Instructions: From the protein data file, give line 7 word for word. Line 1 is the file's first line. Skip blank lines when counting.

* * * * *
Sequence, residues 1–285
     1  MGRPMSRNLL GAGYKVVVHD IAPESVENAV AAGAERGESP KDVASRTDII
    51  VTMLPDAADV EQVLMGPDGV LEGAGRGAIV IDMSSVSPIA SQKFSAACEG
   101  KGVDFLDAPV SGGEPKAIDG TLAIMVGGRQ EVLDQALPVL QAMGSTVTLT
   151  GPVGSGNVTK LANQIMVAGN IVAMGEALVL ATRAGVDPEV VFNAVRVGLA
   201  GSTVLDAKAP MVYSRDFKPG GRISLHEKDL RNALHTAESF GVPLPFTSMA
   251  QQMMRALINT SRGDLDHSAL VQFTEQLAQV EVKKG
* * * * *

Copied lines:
   251  QQMMRALINT SRGDLDHSAL VQFTEQLAQV EVKKG